Germaine Smith, Staff Reporter
REGGAE GIANTS Greensleeves Records recently won a copyright infringement case brought against them by one of Jamaica's leading mixing engineers.
Hopeton Browne, known in the business as the 'Scientist', lost his bid after an approximate two-year fight in U.S. courts. Browne had challenged Greensleeves for the recording and composition copyrights of five tracks which he worked on for the video game, 'Grand Theft Auto 3.'
A release from Greensleeves stated that the tracks come from the album Scientist Rids The World of the Evil Curse of the Vampires, which was released in 1981, and which is now available as part of the Greensleeves Reggae Classics series.
The tracks were produced by the renowned Henry 'Junjo' Laws, and had been reportedly licensed by him to Greensleeves. All five tracks, Dance Of The Vampires, The Mummy's Shroud, The Corpse Rises, Your Teeth In My Neck, and Plague Of Zombies, were mixed at King Tubby's Studios back then.
Both Lawes and King Tubby are deceased, so that meant that Browne's claims could not be validated.
According to Greensleeves Records, the court found that Browne was not the owner of either the recording or composition copyrights. Greensleeves' Managing Director, Chris Sedgwick, claimed that the company went to trial because Browne's claims were unreasonable.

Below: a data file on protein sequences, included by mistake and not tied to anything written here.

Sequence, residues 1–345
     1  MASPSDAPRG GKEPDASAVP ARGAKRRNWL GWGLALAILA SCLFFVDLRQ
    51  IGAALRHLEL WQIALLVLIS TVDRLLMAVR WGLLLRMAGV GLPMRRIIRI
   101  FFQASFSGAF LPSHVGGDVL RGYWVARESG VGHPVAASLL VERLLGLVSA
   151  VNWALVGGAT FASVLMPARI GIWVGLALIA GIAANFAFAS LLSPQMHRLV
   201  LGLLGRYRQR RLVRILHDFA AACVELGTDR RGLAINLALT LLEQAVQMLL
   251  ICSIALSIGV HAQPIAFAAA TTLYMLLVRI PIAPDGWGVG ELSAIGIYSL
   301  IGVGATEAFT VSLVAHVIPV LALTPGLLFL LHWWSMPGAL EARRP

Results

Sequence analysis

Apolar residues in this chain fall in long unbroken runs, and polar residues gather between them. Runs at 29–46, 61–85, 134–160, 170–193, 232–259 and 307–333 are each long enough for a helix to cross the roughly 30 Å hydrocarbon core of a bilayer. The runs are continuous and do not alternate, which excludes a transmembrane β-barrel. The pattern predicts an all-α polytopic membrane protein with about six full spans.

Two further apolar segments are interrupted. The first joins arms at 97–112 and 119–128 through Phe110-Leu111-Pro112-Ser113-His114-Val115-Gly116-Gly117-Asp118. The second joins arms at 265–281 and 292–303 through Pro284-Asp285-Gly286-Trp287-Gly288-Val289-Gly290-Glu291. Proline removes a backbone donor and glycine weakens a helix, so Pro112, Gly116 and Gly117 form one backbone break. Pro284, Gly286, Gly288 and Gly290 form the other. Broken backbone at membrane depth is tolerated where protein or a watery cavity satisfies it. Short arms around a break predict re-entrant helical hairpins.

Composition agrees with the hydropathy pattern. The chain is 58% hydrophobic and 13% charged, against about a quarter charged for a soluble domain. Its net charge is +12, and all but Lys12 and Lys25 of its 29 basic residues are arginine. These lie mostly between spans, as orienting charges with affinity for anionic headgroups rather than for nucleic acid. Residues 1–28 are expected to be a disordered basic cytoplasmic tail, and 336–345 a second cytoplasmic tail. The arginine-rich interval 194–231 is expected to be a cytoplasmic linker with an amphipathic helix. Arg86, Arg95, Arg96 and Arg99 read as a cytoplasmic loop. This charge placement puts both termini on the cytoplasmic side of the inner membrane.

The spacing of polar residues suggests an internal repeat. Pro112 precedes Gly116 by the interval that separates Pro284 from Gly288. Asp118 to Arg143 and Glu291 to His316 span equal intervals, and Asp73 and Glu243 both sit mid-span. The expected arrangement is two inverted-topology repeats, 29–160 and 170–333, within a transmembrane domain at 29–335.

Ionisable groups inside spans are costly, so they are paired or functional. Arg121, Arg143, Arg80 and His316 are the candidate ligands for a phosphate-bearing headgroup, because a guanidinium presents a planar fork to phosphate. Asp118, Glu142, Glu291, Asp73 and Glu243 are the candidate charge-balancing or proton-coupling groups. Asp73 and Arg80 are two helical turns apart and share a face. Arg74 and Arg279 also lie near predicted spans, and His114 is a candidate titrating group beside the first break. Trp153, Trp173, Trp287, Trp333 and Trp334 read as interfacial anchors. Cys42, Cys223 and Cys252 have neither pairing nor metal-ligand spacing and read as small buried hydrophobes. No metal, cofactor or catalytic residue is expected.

DISMISS THE COMPLAINTS
"Basically, Scientist was claiming to own copyrights in songs and recordings as a result of being the mixing engineer. Although we always felt these claims were ridiculous, we had to defend ourselves all the way to trial and are delighted to have got the right result," he said in a release.
The case was heard in the U.S. District Court for the Southern District of New York, located in Manhattan, and was presided over by U.S. District Judge Miriam Goldman Cedarbau.
Checks with the records office of that court confirmed the judgement made against Browne. A clerk there stated that the judge ordered that the plaintiff (Browne) dismiss the complaints against Greensleeves.
Others who reportedly testified at the trial include King Jammy's, who worked with King Tubby's at the time, and Chris Cracknell, Greensleeves' artist and repertoire director.